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Review
. 2006 Mar;2(3):146-59.
doi: 10.1038/ncpendmet0120.

Drug Insight: Testosterone and Selective Androgen Receptor Modulators as Anabolic Therapies for Chronic Illness and Aging

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Review

Drug Insight: Testosterone and Selective Androgen Receptor Modulators as Anabolic Therapies for Chronic Illness and Aging

Shalender Bhasin et al. Nat Clin Pract Endocrinol Metab. .
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Abstract

Several regulatory concerns have hindered development of androgens as anabolic therapies, despite unequivocal evidence that testosterone supplementation increases muscle mass and strength in men; it induces hypertrophy of type I and II muscle fibers, and increases myonuclear and satellite cell number. Androgens promote differentiation of mesenchymal multipotent cells into the myogenic lineage and inhibit their adipogenic differentiation, by facilitating association of androgen receptors with beta-catenin and activating T-cell factor 4. Meta-analyses indicate that testosterone supplementation increases fat-free mass and muscle strength in HIV-positive men with weight loss, glucocorticoid-treated men, and older men with low or low-normal testosterone levels. The effects of testosterone on physical function and outcomes important to patients have not, however, been studied. In older men, increased hematocrit and increased risk of prostate biopsy and detection of prostate events are the most frequent, testosterone-related adverse events. Concerns about long-term risks have restrained enthusiasm for testosterone use as anabolic therapy. Selective androgen-receptor modulators that are preferentially anabolic and that spare the prostate hold promise as anabolic therapies. We need more studies to determine whether testosterone or selective androgen-receptor modulators can induce meaningful improvements in physical function and patient-important outcomes in patients with physical dysfunction associated with chronic illness or aging.

Figures

Figure 1
Figure 1
Changes in body composition in testosterone-treated HIV-infected men and women. Meta-analysis plots of contrasts between androgen-treated and placebo-treated HIV-infected men with weight loss, showing the change in whole body mass (A), and lean body mass (B) and HIV-infected women with weight loss, showing the change in whole body mass (C) and fat-free mass (D). A positive difference is a favorable testosterone effect on body mass, lean body mass, and fat-free mass. Some studies reported fat-free mass and some lean body mass. Fat-free mass equals lean body mass plus bone mineral content. Confidence intervals that do not overlap with zero represent significant differences between placebo and testosterone groups.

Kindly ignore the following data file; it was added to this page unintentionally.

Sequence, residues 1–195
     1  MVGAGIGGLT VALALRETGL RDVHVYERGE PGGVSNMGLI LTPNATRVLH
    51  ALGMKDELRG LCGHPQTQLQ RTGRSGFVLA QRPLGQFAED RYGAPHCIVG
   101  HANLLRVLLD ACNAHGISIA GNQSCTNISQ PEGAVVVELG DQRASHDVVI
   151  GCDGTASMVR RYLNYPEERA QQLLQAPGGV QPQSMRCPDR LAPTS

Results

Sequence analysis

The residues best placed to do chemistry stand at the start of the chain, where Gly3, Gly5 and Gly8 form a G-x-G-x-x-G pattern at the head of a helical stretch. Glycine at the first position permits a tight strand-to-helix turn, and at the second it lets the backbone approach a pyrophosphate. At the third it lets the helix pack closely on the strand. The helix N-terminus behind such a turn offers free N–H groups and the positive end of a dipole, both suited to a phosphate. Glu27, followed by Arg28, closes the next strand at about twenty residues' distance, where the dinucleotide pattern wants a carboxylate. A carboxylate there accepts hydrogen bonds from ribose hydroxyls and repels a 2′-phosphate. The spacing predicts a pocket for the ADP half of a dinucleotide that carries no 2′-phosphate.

Figure 2
Figure 2
Changes in body composition in testosterone-treated older men. Meta-analysis plots of contrasts between testosterone-treated and placebo-treated men in the change (in kilograms) in whole body mass (A), lean body mass change (B), right-hand grip strength (C), and whole body fat mass (D) in middle-aged and older men more than 45 years of age. A positive difference is a favorable testosterone effect on body mass, lean body mass, and fat-free mass, and a negative difference is a favorable testosterone effect on fat mass. Confidence intervals that do not overlap with zero represent significant differences between placebo and testosterone groups.
Figure 3
Figure 3
Steroidal (dihydrotestosterone) and nonsteroidal (R-bicalutamide) ligand interactions with the androgen receptor ligand-binding domain binding-pocket. R-bicalutamide (green) W741L complex and dihydrotestosterone (gold) wild-type complex, shown as side views (A and B) and top views (C and D) of the steroidal plane. Ligand and receptor interact mainly through H-bonds (labeled as yellow dotted lines) and hydrophobic interactions. The A-ring and amide bond of the bicalutamide molecule overlaps the steroidal plane of dihydrotestosterone (rings A–D) and shares similar H-bonding pattern, whereas the B-ring (B) folds away from the plane, pointing to the top of the ligand-binding pocket and forming the unique structural feature of this ligand class.
Figure 4
Figure 4
Four general classes of selective androgen receptor modulator pharmacophores. Information about the stage of development was obtained through company websites.
Figure 5
Figure 5
Structures and relative binding affinities of some selective androgen receptor modulators. DHT, dihydrotestosterone; RBA, relative binding affinity compared with synthetic ligand R1881; THQ, tetrahydroquinolone.

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